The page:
Facials are 'bogus,' collagen is a 'fallacy,' and other things you should know about skin care

Skin health advice from the experts: Check for moles, skip the toner, and water has nothing to do with moist skin.

Vanessa Hrvatin 5 minute read May 4, 2022
Woman sitting on couch

Dermatologist Dr. Lisa Kellett says the most important thing for your skin is sun protection. GETTY

Skin is a big deal—as the largest organ in the human body, it plays a major role in our overall health and can also cause a lot of grief, with more than 3,000 known skin disorders. Do you know everything there is to know about skin?

What is skin?

Skin is made up of three layers called the epidermis, the dermis, and the hypodermis. Each have an important function when it comes to keeping us healthy. The epidermis acts as a protective barrier by keeping bacteria and other germs from entering the body. Cells in this layer also make up part of the body’s immune system and are critical in producing new skin cells.

The dermis is responsible for producing collagen and elastin proteins, which keep the skin resilient and flexible. There are also sweat glands in this layer which help regulate body temperature, and nerves which give us a sense of touch.

The inner most layer of the skin is largely responsible for protecting muscles and bones by providing a fatty cushion.

We all have different skin

No two humans have the exact same skin — it can vary in colour, hydration content, and oil content, says dermatologist Dr. Jaggi Rao.

The reason for this is mostly genetics. For example, Rao says when humans first evolved to live near the equator, they adapted to have less hair – which traps heat – and darker skin – which is less likely to burn – to protect themselves from the sun.

Dermatologists use the Fitzpatrick scale from one to six to classify skin types, with type one being a person with light skin and light eyes, and type six, a person with dark skin and dark eyes. Rao says this scale has practical implications for skin treatment.

“If someone has Fitzpatrick skin type five or six, laser sometimes burns the skin, so we need to keep that in mind when looking at treatment options,” says Rao. “If we’re treating acne, we might do something more aggressive like pills for someone with type five or six skin, whereas a person with type one or two we might treat it with creams.”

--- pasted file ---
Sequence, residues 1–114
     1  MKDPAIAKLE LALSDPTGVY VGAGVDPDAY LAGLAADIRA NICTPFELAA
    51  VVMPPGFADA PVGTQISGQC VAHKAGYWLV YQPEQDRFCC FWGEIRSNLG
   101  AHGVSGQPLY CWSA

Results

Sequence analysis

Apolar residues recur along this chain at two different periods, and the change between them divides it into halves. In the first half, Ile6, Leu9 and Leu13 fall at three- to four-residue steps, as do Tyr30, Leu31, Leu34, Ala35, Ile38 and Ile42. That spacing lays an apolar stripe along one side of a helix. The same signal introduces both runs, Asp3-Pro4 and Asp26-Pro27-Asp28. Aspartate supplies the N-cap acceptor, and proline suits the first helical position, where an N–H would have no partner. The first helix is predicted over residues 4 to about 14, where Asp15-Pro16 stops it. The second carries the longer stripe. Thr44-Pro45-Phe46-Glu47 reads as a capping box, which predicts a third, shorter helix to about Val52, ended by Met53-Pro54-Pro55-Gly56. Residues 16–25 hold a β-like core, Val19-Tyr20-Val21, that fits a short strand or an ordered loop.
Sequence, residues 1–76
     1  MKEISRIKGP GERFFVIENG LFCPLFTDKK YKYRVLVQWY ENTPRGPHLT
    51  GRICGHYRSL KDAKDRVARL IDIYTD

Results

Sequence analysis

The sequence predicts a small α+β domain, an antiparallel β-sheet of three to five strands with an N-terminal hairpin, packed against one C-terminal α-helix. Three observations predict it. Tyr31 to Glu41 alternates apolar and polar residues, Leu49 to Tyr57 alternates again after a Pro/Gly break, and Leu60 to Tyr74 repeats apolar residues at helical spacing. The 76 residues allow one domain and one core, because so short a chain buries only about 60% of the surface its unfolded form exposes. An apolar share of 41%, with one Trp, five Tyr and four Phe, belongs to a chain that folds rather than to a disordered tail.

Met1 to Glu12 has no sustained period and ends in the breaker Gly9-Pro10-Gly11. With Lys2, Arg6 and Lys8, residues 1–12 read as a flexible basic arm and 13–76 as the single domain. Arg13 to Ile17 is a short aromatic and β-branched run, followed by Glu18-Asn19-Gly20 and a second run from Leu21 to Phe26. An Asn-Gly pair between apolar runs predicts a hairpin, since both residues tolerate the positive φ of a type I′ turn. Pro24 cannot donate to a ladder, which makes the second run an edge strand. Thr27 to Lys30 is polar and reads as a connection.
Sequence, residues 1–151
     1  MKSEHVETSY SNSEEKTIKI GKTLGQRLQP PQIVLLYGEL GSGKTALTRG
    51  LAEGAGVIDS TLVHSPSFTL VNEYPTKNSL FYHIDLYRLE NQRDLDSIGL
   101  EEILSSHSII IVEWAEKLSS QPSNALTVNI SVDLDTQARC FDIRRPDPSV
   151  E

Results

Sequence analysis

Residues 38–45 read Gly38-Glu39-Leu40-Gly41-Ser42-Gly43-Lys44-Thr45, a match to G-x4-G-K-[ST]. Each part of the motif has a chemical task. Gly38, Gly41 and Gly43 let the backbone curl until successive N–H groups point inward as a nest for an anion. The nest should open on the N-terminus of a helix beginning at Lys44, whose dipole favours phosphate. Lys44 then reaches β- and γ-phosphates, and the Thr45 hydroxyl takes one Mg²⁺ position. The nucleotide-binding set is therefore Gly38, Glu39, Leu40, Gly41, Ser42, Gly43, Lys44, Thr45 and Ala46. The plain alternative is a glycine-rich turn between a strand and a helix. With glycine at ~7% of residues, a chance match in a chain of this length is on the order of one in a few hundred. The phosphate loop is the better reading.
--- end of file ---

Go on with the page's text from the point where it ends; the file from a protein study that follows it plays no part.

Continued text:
Why are some people more prone to acne than others?

Many factors are at play when it comes to acne, the first of which is dead skin cells that build up and clog pores. Another contributor is oil production. According to Rao, some people produce excessive oil which bacteria like to grow on, and overgrowth of bacteria can lead to pimples. In some individuals, a robust immune system can lead to blocked hair follicles which become inflamed, resulting in acne.

Stress, medication, and hormones are also all contributors to break-outs.

What’s the most important thing in caring for your skin?

Dermatologist Dr. Lisa Kellett says the most important thing for your skin is sun protection which includes sunscreen, hats and sun protective clothing. Applying vitamin C and vitamin A products such as retinol to the skin is also beneficial.

“At the end of the day, I would cleanse my skin using something that isn’t irritating,” says Kellett. “If you tend to have acne or black heads you can use a gentle exfoliating cleanser that’s non foaming. If you have underlying eczema or dermatitis, use a cleanser that’s milder.”

One thing you don’t need to incorporate in your daily skin care routine? Toner. Kellett says the need for toner is simply a myth used to sell products.

Another vital part of skin care is checking for any new or changing moles. Kellett says once a month everyone should remove their clothing, stand in front of a mirror and inspect their skin for moles or sunspots.

What are some of the most common skin care myths?

Rao says there is no medical basis to the claim that collagen in the form of pills or powder will help your skin.

“Collagen is such a large molecule, that expecting it to reach your skin by ingesting it as a pill is a totally fallacy,” says Rao. “The only way to get collagen to the skin would be by injecting it.”

Another myth is that excessive water consumption leads to better skin.

“It’s total nonsense; if you drink a lot of water, you will simply pee it out,” says Rao. “The only way to get water into the epidermis and dermis is by washing or soaking your skin and then trapping it in with a sealer like a moisturizer.”

Kellett adds that facials are “bogus,” and that no evidence-based medicine exists to suggest they have any benefit.

What are some of the most common skin conditions?

There are thousands of skin conditions, but Rao says two of the most common are eczema and dermatitis, which are treated with topical creams and sometimes light therapy. Hives are also very common, as well as psoriasis, which causes red and itchy patches of skin.

Kellett adds that in her practice she sees a lot of skin cancers which are largely preventable by limiting sun exposure.

“There’s this myth that if you have skin cancer and get it cut out, that it will spread, but this is simply not true,” she says. “If you have skin cancer you need to see a dermatologist and get it treated — leaving it is not an option.”

Vanessa Hrvatin is a Vancouver-based writer.

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